Wednesday, July 28, 2010

Keith Higginbotham

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Future Is Coming, Academics Predict

Classes are over for gaslights,
glasses, windmills, gifts
and grace. Classes are filled

with scribbles in notebooks found
in Walt Whitman’s trash.
Walt is calling us off
to barbecues at the love palace

beyond the Interstate, country
paved with fences, surrendered
to statistics. The wilderness has
bought a condo on the road

where Thoreau copped his
final plea. Classes are over
for a while, sayeth Karl

Wallenda walking with a pole
across the Tallula Gorge. Classes
are over, according to Poe,

recovering from addiction
in Richmond’s Shockoe Slip.

window rock drill

step down into sagebrush
flowers and leaves
typically three-toothed

where butterflies light
cottontails nibble
and scatter with the sound

of steps on rabbitbrush
and snakeweed landscape
without much green

sandstone layers flat
and tilted tilted and flat
sand dunes frozen

saddlehorn formations
entrada like faces
juniper and pine with leaves

needlelike explosion
of nut pine pinecones
with wings whiptail

lizard trails across collapse
of geology where monument
canyon creeps into colorado

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 Keith Higginbotham lives in Columbia, SC. His poetry has recently appeared, or is forthcoming, in Clutching At Straws, Counterexample Poetics, Eratio, Liebamour Magazine, Otoliths, and trnsfr. He has published two chapbooks: Carrying the Air on a Stick (The Runaway Spoon Press) and Prosaic Suburban Commercial (available as a free PDF download from Eratio Editions).

Wednesday, July 14, 2010

Donal Mahoney

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The Whole Thing Over With

From her side of the bed
the wife suggests he get dressed,
go out in the night and
purchase a piece. She’s

not in the mood. Or
if he must, he can
go ahead, stick it in,
shoot it off, and get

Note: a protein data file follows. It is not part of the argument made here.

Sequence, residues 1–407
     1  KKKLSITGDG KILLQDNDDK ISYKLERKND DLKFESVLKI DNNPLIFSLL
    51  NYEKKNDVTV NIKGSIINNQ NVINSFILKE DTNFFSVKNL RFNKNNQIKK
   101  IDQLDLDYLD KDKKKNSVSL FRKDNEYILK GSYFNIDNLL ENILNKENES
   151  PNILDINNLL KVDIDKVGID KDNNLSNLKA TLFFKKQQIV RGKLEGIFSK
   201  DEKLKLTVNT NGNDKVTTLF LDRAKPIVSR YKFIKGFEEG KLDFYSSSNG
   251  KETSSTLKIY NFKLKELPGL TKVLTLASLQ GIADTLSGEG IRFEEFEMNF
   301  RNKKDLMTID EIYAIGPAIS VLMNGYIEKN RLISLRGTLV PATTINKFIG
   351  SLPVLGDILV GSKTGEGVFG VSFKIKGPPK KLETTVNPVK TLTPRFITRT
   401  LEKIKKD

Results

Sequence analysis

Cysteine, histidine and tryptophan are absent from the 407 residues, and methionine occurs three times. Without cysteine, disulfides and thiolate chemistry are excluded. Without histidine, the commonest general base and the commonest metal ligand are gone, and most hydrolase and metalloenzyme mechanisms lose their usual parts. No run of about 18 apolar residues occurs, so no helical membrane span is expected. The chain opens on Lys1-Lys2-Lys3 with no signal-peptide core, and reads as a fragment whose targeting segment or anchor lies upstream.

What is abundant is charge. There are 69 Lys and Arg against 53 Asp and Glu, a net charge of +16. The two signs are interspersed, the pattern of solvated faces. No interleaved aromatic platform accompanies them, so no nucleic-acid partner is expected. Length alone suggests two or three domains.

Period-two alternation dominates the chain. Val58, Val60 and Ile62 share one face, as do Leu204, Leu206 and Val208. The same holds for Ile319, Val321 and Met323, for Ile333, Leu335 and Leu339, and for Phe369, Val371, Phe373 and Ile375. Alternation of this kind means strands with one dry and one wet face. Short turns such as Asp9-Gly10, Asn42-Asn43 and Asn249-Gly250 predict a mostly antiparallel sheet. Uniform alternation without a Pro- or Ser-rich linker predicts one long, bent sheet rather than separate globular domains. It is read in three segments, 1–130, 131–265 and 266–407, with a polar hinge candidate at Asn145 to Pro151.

the whole thing over with.
She doesn’t care any more
where he pours it
so long as he’s quiet

and doesn’t wake the kids.
Too tired to dress,
he sticks it in, explodes,
rolls off, finally spent.

Maybe now the beasts
that will never creep
within his crosshairs
can get some sleep.

The Last Honeydew

On the way home from work
I buy the last honeydew
in the window at Meyers.

Tonight the wife
will cut it in half
and with elbow bent

scoop the pulp
like ice cream
from its golden shell.

She will savor its juices
as I do the cherries
on the sundaes of her breasts.

Mop Woman

Near dwarf this woman.
Foreign born, Minsk,
perhaps. Her nose

a fist. Her hair
a whisk broom
only black. Her back

an Orthodox cupola.
Her arms braids of gym rope
lowered to the floor.

Orangutans could climb
those ropes, hand
over hand, no rose

no purple
on their hinds.

Near dwarf this woman.
Foreign born. Minsk,

Her hands, all gristle,
hang an inch, no more,
above her shining floor.

Rodding Out

a Bulgarian plumber’s song

And so I’ll tell old Max,
and maybe he will listen,
it’s time to call
the plumber in
and tell him,
“Here’s the deal:
We’ll hire you today
and Friday you’ll begin
rodding out Camille.
When you finish
bring her back,
and we’ll see if she will yield.
And if she won’t
you’ll try again,
rodding out Camille.”


Donal Mahoney, a native of Chicago, lives in St. Louis, Missouri. He has worked as an editor for The Chicago Sun-Times, Loyola University Press and Washington University in St. Louis. A Pushcart nominee, he has had poems published by The Wisconsin Review, The Kansas Quarterly, The South Carolina Review, The Beloit Poetry Journal, Commonweal, Public Republic (Bulgaria), The Beanik (U.K), Revival (Ireland), The Istanbul Literary Review (Turkey), The Osprey Journal (Scotland), Pirene's Fountain (Australia) and other publications.

Thursday, July 08, 2010

Peter D. Marra

For Polly

It’s too easy to fall down,

Fractured child
falling from the sun

Waiting on the beach for Time to arrive.

Scraping across the sky,
Grabbing at the clouds,

Gentle bird watching the sounds.

She smiles and
All is well

Baltimore Fell’s Point



The sour taste in the back
While the little children
play in the street

While the parents don’t care that the end is in view
Disaster fights the sun

And electrifies the clouds.
Rubber man can’t stand still

Rubber man can’t stand still
Rubber man can’t stand still

The telephone
is an assassin

While the children lay in the street and
the constant communication keeps

the walls.

The Sin Eater

Clothed in black gauze
For the final sun

Laughing at the moon at rest
Spinning inside the eyes from afar

Her hooves click clack down the hall

Ready to absorb the shadows